An emergency on a REX turbo prop flight between Sydney and Wagga Wagga last Thursday has put the air safety investigator, the ATSB, into precisely the tight spot that the ICAO audit report calls on Australia to fix.
The ATSB hasn’t yet decided if it can inquire into the incident because of the pressure on its resources.
A passenger on the 34 seat SAAB turbo-prop says, “We were around 20,000 feet somewhere between Goulburn and Canberra when there was a strong unusual smell, a thin mist in the air, and a sensation of sharply descending.
“About a few minutes we heard the pilot, muffled by his mask, say ‘We are in emergency descent’.
“It was a steep descent. Most of us looked around in the dusk below and at each other without saying anything. The two cabin crew went to the aid of a distressed woman with supplementary oxygen packs.
“They may have also assisted another passenger. Then we levelled off at I guess around 10,000 feet and soon after made our landing at Wagga Wagga.”
While the incident ending without injury to anyone and may have been caused by a maintenance error in the pressurisation system, as one insider believes, it might also be an emerging issue with an aging commuter aircraft that went out of production in 1999.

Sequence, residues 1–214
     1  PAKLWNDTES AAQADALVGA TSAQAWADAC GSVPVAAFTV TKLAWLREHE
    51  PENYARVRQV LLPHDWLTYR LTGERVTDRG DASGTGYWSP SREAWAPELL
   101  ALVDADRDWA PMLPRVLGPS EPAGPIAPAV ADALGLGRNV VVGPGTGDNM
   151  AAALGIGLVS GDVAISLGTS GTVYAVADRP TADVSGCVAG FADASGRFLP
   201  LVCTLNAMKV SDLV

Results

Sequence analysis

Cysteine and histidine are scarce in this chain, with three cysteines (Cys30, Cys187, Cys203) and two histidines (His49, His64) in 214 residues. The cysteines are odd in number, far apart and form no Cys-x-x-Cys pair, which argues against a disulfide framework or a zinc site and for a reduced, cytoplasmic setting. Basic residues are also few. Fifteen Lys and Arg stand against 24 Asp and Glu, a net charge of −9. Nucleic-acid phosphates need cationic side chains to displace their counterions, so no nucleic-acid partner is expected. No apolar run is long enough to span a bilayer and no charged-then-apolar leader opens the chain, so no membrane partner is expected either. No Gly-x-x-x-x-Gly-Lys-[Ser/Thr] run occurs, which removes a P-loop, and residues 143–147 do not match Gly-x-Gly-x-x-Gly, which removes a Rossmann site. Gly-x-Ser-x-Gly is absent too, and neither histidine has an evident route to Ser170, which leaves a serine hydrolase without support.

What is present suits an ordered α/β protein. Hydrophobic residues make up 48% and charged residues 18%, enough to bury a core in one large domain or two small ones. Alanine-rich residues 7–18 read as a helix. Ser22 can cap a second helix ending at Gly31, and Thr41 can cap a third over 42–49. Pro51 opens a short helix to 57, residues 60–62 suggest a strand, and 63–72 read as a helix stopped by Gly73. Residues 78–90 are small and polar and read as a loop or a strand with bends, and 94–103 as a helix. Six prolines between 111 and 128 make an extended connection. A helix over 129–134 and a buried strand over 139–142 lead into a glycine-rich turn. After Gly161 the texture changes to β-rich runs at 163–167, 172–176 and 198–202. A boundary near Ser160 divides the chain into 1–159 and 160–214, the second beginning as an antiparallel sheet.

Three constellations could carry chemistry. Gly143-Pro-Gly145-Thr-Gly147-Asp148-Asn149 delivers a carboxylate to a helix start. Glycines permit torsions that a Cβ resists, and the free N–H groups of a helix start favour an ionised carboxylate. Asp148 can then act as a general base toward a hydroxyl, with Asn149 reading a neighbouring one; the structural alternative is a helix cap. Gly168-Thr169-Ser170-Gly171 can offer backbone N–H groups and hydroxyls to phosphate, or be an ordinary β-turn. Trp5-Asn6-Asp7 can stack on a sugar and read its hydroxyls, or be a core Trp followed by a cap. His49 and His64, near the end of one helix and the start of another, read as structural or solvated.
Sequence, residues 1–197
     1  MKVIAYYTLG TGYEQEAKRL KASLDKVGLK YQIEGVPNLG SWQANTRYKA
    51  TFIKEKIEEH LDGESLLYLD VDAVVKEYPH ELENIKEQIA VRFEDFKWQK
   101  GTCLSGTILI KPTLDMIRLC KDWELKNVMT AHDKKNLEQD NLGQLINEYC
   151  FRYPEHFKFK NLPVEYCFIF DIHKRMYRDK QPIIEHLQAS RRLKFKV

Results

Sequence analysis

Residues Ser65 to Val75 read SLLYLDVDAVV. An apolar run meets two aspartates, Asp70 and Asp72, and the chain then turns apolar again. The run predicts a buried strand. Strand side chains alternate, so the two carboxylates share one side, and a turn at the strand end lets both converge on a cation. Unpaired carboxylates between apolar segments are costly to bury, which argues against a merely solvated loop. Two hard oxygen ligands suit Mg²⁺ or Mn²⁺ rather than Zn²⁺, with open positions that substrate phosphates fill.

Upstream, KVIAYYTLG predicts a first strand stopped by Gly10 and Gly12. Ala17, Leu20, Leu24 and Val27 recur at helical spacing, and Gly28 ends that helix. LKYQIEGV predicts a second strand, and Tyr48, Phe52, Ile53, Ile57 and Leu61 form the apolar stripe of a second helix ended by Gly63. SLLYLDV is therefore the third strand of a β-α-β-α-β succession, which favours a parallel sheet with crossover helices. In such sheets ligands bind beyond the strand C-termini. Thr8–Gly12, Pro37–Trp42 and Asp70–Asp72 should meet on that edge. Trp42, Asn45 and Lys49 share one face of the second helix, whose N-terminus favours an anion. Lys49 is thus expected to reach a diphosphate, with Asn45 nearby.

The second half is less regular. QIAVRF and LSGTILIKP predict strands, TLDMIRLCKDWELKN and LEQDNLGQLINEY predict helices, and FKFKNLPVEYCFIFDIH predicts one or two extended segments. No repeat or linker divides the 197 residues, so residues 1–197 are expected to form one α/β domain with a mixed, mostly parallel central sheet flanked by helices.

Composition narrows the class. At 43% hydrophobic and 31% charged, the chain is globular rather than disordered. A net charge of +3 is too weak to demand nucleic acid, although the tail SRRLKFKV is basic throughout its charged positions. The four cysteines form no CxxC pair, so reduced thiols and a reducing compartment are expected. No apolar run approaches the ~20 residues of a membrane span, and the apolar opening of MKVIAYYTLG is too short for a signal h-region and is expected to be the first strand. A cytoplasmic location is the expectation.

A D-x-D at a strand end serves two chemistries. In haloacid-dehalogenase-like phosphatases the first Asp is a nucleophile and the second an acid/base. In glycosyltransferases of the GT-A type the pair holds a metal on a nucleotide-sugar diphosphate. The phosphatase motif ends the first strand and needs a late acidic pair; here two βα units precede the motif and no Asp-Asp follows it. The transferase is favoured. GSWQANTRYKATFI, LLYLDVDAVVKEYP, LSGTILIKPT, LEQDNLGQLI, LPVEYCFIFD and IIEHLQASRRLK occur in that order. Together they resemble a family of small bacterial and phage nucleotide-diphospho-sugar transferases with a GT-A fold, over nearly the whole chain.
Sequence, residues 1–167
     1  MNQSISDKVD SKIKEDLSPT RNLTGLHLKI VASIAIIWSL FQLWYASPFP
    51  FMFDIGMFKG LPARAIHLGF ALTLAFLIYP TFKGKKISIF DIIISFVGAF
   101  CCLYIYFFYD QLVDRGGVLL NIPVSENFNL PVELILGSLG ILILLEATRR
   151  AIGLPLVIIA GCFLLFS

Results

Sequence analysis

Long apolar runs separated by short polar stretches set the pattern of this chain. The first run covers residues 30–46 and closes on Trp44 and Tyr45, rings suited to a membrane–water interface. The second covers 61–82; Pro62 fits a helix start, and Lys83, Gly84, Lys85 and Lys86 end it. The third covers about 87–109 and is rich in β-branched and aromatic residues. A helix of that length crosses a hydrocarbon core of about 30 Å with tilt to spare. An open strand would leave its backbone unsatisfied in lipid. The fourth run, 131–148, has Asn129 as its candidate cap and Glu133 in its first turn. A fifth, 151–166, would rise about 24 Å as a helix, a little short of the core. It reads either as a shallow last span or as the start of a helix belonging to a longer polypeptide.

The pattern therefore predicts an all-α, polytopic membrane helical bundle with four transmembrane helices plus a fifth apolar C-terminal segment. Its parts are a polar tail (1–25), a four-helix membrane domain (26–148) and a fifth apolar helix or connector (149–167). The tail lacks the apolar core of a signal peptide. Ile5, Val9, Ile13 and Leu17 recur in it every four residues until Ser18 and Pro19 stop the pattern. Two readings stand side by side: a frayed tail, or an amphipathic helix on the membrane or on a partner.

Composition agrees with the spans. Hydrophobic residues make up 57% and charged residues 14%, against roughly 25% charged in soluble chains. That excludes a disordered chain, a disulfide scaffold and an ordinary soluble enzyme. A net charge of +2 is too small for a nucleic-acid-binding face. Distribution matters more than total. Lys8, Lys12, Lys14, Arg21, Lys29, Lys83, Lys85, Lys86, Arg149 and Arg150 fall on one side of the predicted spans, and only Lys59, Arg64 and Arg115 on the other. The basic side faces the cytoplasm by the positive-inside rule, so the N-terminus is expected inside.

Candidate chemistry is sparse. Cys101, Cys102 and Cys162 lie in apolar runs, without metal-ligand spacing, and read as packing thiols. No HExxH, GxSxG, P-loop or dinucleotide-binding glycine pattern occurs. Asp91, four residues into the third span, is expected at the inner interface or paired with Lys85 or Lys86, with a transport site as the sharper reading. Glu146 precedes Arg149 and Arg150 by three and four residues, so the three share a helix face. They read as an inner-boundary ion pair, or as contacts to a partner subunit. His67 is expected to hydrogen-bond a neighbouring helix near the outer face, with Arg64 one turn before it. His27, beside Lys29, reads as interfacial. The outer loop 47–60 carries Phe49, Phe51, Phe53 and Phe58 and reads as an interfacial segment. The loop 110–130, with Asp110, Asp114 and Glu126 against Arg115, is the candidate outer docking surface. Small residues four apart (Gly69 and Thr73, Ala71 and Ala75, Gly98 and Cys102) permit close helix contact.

REX is the second largest operator of SAAB 340s in the world, with 45 of them, or roughly one in eight of every one of the type still in service in its fleet.
If anything is ever going to need attention in the operations of this type of airliner as it builds up its hours and fatigue inducing pressurisation cycles, REX is likely to be one of the first carriers to pick it up.
Australia is currently in breach of an ICAO treaty obligation to investigate and report on all significant accidents and incidents. It’s an obligation that exists to ensure safety issues of world wide significance are picked up before they become serious.
The ATSB is also highly regarded for its competency. It is currently deeply committed to a major investigation of a set of serious failures of air data inertial reference units found in the flight control systems of most of the world’s fleet of Airbus A330 wide bodied airliners. One of those incidents injured more than 100 people, eight of them quite badly, on a Qantas flight forced to make an emergency descent to Learmonth in Western Australia last October.
In recent years the ATSB has also led the way in making timely warnings about equipment failures or design issues in a wide range of aircraft, including Boeing 717s.
But its ranks, and funds, are so tightly constrained that it can’t do everything. This also makes Australia a black spot in terms of comprehensive aviation safety investigation, no matter how good a job it does on those incidents it examines.
Can air transport afford to have Australia even risk missing something important in a small turbo prop that is used world wide?